2. Eliminate background noise! There is enough going on over the phone already without the need for those on the call to hear your Starbucks barista grinding coffee beans for ten minutes.
  3. Remember, you can’t read body language over the phone. That’s why it’s so important that you ask for clarification if you’re not sure what a colleague meant. We can often tell, by a person’s body language, if what they are saying is positive, negative, or neutral (or something else for that matter), but this gift is not available to us over the phone.
  4. It is important to always state your name before speaking. Because all attendees are not in the same room together, it is important for the effectiveness of the call that all members know who is speaking.
  5. Wait your turn to speak. Interrupting someone mid-sentence can be perceived as a huge EP blunder.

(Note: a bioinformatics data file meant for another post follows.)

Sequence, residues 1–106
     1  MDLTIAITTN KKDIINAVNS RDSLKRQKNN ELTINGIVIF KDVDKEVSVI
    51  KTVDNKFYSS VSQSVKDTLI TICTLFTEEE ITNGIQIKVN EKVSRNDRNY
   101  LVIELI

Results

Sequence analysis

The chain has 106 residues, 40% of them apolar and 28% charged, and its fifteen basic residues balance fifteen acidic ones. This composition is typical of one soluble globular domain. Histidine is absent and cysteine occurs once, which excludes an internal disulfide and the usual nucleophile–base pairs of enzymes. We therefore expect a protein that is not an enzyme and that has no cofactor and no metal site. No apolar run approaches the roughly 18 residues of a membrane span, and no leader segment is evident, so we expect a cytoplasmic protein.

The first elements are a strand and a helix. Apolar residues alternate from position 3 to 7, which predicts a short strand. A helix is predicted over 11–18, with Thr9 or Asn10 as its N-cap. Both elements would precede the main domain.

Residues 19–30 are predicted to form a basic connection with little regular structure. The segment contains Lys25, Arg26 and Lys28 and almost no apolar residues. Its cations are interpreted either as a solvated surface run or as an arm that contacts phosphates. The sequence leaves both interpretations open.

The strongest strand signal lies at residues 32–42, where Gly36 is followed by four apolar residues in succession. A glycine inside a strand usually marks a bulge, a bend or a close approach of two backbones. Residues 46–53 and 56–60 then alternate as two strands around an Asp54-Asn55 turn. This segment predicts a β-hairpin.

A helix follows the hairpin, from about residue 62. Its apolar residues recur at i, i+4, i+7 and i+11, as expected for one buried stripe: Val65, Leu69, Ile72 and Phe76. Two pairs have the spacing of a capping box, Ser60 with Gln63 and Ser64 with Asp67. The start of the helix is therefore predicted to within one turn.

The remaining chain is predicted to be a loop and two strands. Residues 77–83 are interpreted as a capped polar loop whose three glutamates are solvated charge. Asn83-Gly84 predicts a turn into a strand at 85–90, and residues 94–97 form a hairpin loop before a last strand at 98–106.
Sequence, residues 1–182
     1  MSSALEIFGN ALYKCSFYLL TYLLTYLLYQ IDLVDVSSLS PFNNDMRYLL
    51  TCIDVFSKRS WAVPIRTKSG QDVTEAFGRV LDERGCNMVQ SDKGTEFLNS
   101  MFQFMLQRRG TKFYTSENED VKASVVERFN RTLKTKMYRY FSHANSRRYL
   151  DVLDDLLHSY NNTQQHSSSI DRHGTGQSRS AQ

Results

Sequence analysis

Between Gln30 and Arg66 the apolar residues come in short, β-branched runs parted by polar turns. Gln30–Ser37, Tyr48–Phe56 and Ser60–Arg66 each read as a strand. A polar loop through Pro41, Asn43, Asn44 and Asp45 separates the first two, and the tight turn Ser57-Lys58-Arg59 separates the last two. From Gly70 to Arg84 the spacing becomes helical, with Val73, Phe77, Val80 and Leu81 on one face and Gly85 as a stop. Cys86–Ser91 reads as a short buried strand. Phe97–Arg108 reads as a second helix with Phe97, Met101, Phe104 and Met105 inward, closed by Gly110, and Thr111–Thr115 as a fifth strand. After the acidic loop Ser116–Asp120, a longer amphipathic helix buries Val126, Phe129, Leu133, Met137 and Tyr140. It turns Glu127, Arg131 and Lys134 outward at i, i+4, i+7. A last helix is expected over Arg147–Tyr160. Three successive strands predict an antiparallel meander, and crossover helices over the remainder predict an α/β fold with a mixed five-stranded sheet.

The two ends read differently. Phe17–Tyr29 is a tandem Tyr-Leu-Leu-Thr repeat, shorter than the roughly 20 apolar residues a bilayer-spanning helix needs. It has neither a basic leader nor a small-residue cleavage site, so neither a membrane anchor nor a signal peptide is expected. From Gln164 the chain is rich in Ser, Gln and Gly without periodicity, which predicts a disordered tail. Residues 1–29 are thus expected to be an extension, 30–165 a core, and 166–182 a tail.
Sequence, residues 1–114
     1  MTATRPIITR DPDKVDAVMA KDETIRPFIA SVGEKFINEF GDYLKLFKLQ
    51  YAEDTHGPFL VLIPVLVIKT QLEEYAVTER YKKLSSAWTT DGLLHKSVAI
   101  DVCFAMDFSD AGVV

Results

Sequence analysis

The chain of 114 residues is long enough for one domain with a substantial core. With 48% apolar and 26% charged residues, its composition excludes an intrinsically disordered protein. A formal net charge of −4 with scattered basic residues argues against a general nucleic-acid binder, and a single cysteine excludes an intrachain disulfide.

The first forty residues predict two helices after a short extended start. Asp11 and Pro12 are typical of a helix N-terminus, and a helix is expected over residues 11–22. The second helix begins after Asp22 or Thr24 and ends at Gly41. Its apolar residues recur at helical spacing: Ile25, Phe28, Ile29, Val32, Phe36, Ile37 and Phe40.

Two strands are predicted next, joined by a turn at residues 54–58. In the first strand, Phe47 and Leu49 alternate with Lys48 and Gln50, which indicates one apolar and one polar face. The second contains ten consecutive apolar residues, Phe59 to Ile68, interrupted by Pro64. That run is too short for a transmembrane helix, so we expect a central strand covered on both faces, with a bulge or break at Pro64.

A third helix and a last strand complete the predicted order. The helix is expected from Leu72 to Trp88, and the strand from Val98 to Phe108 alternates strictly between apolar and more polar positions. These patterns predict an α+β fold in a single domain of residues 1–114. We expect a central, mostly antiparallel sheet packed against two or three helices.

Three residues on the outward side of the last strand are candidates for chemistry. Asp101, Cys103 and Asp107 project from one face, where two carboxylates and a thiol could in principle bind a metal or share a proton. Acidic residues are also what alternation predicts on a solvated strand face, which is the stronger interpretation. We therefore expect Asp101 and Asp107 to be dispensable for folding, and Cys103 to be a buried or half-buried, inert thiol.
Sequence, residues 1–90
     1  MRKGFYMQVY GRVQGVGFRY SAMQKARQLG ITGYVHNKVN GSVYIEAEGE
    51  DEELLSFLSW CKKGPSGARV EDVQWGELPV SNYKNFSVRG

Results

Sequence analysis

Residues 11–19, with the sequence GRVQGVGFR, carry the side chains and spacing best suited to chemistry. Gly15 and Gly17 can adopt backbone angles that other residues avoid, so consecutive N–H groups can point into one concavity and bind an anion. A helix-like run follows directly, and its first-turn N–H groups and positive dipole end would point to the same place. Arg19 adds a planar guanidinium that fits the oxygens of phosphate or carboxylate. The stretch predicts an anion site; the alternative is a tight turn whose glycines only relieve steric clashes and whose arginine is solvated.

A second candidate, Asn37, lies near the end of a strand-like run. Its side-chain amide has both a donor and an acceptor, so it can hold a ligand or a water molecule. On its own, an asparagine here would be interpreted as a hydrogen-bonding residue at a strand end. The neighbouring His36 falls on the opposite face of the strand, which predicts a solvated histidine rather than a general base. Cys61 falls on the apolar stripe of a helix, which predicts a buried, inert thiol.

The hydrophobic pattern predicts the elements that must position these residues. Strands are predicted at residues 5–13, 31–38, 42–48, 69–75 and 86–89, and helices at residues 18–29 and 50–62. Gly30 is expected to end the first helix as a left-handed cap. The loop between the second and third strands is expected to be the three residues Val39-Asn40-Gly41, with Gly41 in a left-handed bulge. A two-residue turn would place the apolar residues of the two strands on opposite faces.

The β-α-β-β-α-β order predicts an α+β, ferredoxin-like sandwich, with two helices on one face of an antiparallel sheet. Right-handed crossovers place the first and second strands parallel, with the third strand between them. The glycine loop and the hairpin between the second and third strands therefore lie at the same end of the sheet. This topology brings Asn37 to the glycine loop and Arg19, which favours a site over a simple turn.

6. If, however, you feel it necessary to interject because you have something integral to add, it is important, to protect your EP as well as your colleagues confidence and ego, to bring the conversation back to what they were saying before you broke into the conversation.

It can often be harder to protect and enhance your EP over the phone, mostly due to the lack of visual cues that are so integral to thorough and complete communication. That is why it is imperative that you take the necessary steps to adopting proper conference call etiquette – these manners and communication skills will serve you well over the course of your career, and can often translate into the physical workspace.

 

Internal Communication and Respect: Just as Important As External Relations

article-new-thumbnail_ehow_images_a01_ur_gr_win-employees-respect-800x800Have you ever been to a shop or a restaurant and spoken with a friendly, helpful manager – only to watch that manager turn around and speak rudely to his or her employees? At that moment, did the store or restaurant suddenly lose its credibility? Think about this situation and apply it to your own company: does your organization respect its employees as much as its external clients and partners?